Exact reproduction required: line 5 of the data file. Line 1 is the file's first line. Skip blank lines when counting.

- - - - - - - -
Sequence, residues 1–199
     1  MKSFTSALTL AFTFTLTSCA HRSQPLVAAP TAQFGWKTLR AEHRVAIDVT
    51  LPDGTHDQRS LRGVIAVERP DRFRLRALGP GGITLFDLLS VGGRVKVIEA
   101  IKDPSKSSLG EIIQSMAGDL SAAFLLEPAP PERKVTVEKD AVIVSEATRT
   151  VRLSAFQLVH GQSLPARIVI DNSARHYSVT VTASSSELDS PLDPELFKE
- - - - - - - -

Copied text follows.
   151  VRLSAFQLVH GQSLPARIVI DNSARHYSVT VTASSSELDS PLDPELFKE